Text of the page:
The Stranger (1946)

"There is no den in the world wide enough to hide a rogue. Commit a crime and the earth is made of glass. Commit a crime and it seems as if a coat of snow fell on the ground, such as reveals in the woods the track of every partridge and fox and squirrel and mole. You cannot recall the spoken word, you cannot wipe out the foot-track, you cannot draw up the ladder."
- Ralph Waldo Emerson, 'Compensation' from Essays (1841)

Orson Welles showed that he could play by a producer's rules and turn a profit when it suited him with this gripping if conventional post-war noir thriller, his third director's credit and least favourite among his own work. Welles stars as Nazi fugitive Franz Kindler, one of the architects of the Holocaust who is now lying low in small-town Harper, Connecticut, teaching "the sons of America's first families" under the name Charles Rankin and relishing the irony of his position and forthcoming marriage to Mary Longstreet (Loretta Young), daughter to a Supreme Court justice (Philip Merivale). Little does Kindler realise that Agent Wilson (Edward G. Robinson) of the Allied War Crimes Commission is in town and on the trail of his old colleague Konrad Meinike (Konstantin Shayne), a religious convert whom Wilson has released in the hope that he will lead him straight to Kindler.

By the forties, Edward G. had begun to do very well for himself playing methodical little men on the right side of the law - here a pipe-tapping Simon Wiesenthal type - having made his name as Rico "Little Caesar" Bandello at Warners (James Cagney too would undergo a similar post-Code moral makeover, going from glamorous hood in The Public Enemy of 1931 to a heroic Fed four years later in G-Men). Robinson's Mr Wilson coolly makes known his presence in Harper by insinuating himself into the dinner party set, befriending the Longstreets and taking in the occasional game of checkers at the general store with 25 cent hustler and local busybody Mr Potter (Billy House, physically resembling Lionel Barrymore's miserly Bedford Falls villain of the same name in the same year's It's A Wonderful Life). Wilson is just as much a stranger in these parts as his prey and the town - its incongruous Gothic clock tower aside - comes to represent the sort of Rockwellian, all-American suburban heartland of white picket fences, well-to-do homes and gently tumbling autumn leaves that Welles's friend Joseph Cotten so gleefully picked apart in Shadow Of A Doubt (1943) or that the gas-guzzling Dennis Hopper haunted so menacingly in Blue Velvet (1986). Beneath its green lawns lies a thick, lingering morass of paranoia and mistrust. In spite of Mary's denial and insistence to the contrary that, "In Harper, there's nothing to be afraid of", a very real fear of intruders infiltrating the community abides. At her own cocktail party, this sickly mood bubbles to the surface when the guests become excited by ghoulish talk of serial killers and the fate of Meinike, the missing stranger. McCarthy's Red Scare was just around the corner.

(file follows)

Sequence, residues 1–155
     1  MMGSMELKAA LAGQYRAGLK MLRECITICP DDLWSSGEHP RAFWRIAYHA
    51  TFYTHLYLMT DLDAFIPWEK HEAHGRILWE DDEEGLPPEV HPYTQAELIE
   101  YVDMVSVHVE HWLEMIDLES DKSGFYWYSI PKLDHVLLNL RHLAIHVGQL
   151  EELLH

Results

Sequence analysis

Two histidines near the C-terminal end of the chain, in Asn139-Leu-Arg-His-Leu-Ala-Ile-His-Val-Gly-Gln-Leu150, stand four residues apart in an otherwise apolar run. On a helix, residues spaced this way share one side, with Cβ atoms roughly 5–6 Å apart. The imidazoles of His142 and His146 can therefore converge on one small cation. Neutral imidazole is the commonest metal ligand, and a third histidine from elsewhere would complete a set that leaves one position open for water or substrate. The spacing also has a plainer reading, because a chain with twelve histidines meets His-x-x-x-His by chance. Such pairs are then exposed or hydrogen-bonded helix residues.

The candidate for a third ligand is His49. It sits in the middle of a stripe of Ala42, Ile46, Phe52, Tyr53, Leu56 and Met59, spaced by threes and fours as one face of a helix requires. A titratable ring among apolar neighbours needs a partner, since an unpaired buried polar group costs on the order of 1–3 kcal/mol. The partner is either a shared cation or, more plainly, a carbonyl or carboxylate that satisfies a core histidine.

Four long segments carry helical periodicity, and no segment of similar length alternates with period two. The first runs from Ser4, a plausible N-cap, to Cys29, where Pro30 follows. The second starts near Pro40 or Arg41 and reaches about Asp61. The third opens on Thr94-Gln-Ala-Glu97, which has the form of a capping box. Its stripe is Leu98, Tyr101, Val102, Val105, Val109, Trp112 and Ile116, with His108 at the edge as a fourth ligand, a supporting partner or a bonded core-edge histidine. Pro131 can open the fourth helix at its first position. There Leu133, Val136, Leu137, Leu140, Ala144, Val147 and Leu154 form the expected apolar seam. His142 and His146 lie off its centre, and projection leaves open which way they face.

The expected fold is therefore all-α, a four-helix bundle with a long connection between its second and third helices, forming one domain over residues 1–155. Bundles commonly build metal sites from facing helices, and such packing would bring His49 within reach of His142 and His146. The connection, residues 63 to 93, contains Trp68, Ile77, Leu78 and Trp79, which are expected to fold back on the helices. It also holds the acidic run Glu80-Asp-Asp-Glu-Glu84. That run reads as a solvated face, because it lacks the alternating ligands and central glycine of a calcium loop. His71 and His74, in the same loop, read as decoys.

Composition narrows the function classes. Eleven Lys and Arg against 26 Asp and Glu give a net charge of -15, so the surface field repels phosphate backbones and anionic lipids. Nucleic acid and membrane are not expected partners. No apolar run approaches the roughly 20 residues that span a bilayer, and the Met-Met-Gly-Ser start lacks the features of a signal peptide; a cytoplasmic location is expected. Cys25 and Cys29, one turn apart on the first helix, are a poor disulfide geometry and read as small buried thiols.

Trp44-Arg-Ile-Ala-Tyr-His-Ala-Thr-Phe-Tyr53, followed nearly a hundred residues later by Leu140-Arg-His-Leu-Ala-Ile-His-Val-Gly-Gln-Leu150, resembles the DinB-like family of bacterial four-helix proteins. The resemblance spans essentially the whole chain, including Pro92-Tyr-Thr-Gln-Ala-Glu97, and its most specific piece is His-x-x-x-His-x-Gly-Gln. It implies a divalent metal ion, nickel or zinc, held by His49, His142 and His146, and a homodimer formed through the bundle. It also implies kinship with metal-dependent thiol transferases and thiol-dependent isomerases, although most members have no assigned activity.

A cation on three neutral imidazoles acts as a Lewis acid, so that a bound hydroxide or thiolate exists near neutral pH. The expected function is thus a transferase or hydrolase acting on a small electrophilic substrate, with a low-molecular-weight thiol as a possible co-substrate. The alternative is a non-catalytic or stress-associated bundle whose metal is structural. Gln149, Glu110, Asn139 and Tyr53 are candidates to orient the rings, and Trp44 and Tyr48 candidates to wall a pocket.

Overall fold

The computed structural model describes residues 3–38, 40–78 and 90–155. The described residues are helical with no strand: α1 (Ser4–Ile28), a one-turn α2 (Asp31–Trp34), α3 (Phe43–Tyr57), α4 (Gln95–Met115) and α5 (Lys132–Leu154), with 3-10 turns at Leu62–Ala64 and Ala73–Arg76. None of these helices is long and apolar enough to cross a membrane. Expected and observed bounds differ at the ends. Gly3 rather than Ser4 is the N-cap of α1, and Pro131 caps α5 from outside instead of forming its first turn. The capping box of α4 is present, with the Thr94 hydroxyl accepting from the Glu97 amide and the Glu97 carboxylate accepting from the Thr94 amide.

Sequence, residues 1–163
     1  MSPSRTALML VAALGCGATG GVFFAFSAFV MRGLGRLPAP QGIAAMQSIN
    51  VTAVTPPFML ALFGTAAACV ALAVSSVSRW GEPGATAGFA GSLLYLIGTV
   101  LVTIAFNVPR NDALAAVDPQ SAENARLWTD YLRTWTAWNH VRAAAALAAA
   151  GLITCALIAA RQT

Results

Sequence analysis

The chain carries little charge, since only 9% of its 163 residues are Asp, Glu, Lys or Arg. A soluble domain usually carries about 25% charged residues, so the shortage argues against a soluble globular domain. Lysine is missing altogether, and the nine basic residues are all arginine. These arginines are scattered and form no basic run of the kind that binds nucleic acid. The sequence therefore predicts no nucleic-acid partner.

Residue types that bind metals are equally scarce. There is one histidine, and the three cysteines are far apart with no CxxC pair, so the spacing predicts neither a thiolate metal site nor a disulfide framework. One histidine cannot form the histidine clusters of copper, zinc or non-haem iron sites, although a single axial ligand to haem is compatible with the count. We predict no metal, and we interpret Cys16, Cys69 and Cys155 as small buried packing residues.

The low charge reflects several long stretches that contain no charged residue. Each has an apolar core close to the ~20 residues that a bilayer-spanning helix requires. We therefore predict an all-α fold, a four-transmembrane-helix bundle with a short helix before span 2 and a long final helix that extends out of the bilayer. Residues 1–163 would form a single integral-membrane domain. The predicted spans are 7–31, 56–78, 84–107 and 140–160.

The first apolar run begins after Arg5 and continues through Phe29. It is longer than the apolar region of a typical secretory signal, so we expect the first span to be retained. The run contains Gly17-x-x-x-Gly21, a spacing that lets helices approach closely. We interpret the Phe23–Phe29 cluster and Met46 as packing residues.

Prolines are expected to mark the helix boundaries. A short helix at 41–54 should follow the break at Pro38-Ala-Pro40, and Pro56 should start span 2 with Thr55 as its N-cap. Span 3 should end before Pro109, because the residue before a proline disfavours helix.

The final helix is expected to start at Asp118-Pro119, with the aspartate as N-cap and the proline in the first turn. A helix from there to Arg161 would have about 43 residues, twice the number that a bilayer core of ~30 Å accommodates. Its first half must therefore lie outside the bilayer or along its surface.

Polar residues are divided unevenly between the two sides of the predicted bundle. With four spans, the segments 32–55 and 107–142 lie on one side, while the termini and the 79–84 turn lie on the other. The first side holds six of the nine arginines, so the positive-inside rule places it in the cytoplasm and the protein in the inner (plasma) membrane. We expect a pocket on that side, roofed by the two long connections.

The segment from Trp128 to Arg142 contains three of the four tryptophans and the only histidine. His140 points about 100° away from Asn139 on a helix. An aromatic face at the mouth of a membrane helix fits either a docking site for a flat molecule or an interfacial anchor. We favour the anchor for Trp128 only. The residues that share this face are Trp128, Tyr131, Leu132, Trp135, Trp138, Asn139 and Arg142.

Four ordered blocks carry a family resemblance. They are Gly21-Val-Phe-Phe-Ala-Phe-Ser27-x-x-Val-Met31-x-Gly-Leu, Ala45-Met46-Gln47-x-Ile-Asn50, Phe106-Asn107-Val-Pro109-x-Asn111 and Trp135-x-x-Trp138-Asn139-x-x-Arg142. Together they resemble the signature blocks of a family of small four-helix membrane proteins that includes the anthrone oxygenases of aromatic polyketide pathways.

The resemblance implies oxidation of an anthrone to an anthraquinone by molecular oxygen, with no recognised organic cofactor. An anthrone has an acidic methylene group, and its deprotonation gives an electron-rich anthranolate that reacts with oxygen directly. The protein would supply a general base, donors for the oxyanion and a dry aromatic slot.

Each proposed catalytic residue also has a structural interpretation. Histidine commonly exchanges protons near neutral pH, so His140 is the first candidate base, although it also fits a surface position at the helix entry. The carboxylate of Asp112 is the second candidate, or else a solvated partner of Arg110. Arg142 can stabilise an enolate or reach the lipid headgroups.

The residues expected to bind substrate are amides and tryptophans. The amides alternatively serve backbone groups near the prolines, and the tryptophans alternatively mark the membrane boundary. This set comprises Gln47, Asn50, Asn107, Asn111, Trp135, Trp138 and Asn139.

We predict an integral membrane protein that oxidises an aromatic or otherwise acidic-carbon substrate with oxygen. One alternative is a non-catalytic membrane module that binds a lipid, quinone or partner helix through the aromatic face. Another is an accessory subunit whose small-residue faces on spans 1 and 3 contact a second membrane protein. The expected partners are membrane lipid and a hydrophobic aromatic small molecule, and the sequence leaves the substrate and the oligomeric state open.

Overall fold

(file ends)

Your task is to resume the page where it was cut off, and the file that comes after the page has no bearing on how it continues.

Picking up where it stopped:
Welles's direction is certainly more self-consciously routine than usual but he still finds interesting things for cinematographer Russell Metty to do by way of looming silhouettes and claustrophobic close-ups. A pounding, melodramatic score by Bronislaw Kaper serves to compliment the action and ratchets up the tension at key moments, as when Kindler strangles Meinike in a dappled woodland while local school boys follow a paperchase close by. As an actor, Welles mostly steers clear of Nazi stereotype and is all the more unnerving for it - his Kindler is the sort of fellow who quietly poisons dogs, whistles while doodling swastikas in public phone booths and ducks out of his own wedding reception to bury a corpse, returning in a change of clothes looking suaver than ever. He longs for World War III and The Stranger is deadly serious about the threat still posed by surviving fascists, even going so far as to feature a scene in which Wilson forces Mary to watch real news reel footage of a concentration camp to convince her to accept the facts and turn on her husband.